It’s not a smooth awakening, like John Wick’s transition back into the secret society he left behind. Hutch’s fight against both advancing age and his former self goes a little more realistically than we think. A random encounter with five toughs on a bus makes this painfully clear; this brawl isn’t the tightly-choreographed martial arts fight we’ve come to expect, especially considering the way he tells these goons what he’s going to do with them. His “I’m gonna fuck you up” sounds like it’s coming from a man who thinks he’s in charge, but this front is undone by the savage beating he receives (including a stabbing) before he gets the upper hand. And wouldn’t you know it, one of these guys just so happens to be Russian mobster Yulian Kuznetsov’s (Aleksei Serebryakov) brother. Now, Yulian’s looking for payback, thus necessitating Hutch using his forgotten lethal tactics to keep his family safe.
Sound familiar? A retired assassin has something taken from him and battles a gang of youths connected to the Russian mafia, leading to mass conflict, car chases, gunfight set pieces, and blood everywhere? It’s pretty much the first John Wick, albeit from a more grounded angle of middle age and parenthood. Writer Derek Kolstad takes the vital bits from John Wick and ports them over to Nobody with a little more comedy and a jukebox soundtrack planted firmly in the meta (yeah, you’re gonna hear “I’ve Gotta Be Me,” “What a Wonderful World,” and “Please Don’t Let Me Be Misunderstood,” among other self-aware tunes). In doing so, Kolstad has written a send-up of his own John Wick script, right down to employing the start-the-movie-with-the-last-scene plot device. Even the poster, seen above, is a goof on the one accompanying John Wick: Chapter Two.
Bob Odenkirk’s performance walks a fine line between thickly-veiled parody and serious-as-a-heart-attack, which is his gift as both an actor and to the film itself. This unbelievable situation Hutch has gotten himself into would seem completely whacked and overly farcical in another actor’s hands. Odenkirk plays it just right, being the centerpiece of this Falling Down-esque battle against Hutch’s stagnant life and the mob. The tightrope between straightforward and straight piss-take is constantly teetered upon, but Odenkirk never falters, even when he’s screaming “GIVE ME THE GODDAMN KITTY KAT BRACELET, MOTHERFUCKER!” at the thieves who kick this whole thing off.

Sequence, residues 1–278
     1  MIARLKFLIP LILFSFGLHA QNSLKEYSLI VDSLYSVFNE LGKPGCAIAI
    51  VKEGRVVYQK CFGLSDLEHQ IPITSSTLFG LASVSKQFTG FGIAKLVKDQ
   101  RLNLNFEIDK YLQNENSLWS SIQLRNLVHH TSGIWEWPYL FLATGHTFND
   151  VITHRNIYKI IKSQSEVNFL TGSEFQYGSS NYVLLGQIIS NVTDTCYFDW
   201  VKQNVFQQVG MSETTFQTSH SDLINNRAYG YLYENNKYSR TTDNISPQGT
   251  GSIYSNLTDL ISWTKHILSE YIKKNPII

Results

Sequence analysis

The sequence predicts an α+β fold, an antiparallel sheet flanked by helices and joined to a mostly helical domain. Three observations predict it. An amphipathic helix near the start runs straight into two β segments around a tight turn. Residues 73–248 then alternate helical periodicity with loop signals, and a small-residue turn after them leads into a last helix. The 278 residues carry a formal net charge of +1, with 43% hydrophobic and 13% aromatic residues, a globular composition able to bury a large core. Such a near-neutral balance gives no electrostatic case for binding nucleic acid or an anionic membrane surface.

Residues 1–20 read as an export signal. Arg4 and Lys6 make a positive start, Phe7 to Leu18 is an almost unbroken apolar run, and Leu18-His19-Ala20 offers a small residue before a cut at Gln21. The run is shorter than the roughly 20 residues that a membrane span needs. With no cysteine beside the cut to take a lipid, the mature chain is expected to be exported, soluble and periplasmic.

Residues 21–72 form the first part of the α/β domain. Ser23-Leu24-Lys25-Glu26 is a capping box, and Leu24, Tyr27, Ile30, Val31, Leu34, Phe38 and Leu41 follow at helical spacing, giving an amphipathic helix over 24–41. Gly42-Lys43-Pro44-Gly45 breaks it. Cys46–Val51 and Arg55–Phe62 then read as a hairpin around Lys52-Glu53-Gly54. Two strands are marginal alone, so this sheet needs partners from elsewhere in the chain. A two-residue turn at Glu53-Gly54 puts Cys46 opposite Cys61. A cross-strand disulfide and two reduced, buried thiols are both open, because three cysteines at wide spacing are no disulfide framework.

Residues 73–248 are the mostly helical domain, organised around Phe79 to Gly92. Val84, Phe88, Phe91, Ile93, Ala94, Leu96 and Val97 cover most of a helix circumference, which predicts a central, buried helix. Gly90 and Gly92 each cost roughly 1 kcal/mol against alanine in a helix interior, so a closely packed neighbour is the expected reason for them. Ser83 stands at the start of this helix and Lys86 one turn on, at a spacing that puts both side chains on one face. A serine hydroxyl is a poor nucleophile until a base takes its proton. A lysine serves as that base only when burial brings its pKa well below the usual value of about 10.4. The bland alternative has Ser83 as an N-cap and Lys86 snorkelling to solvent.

Nobody is as much an action film as it is a reflection upon our stupid societal notions of “acting like a man.” The first portion of the film certainly reads that way, with Hutch’s son losing faith in him because he didn’t “man up” and knock the thieves into submission (which would have garnered all sorts of unwanted attention, something he doesn’t need if he wants to stay retired). We see examples of these supposed “real men” while Hutch already knows what he’s capable of doing and is secure in that knowledge. It’s rather like the two types of people involved in fights in bars – you know the guy who’s shouting about wanting a fight is going to get his ass handed to him, while the guy who quietly says, “Do you really want to do this?” is the one who’s going to prevail. But even Hutch is folly to these insecurities, as his own getback (as James Brown would’ve called it) leads to the catastrophic events which fill the rest of the film. It’s masculinity carried to an extreme, and although Nobody wants to disabuse us of this kind of idiocy, a late-stage surprise involving Hutch’s father (Christopher Lloyd) comments upon the recurring cycle of male pattern violence. But thanks to outstanding fight scenes, a terrific turn by Bob Odenkirk, and a knowing wink-and-nod by the film’s creative team, the film takes the opportunity to hock a loogie at “what it means to be a man” and makes a hero out of a nobody.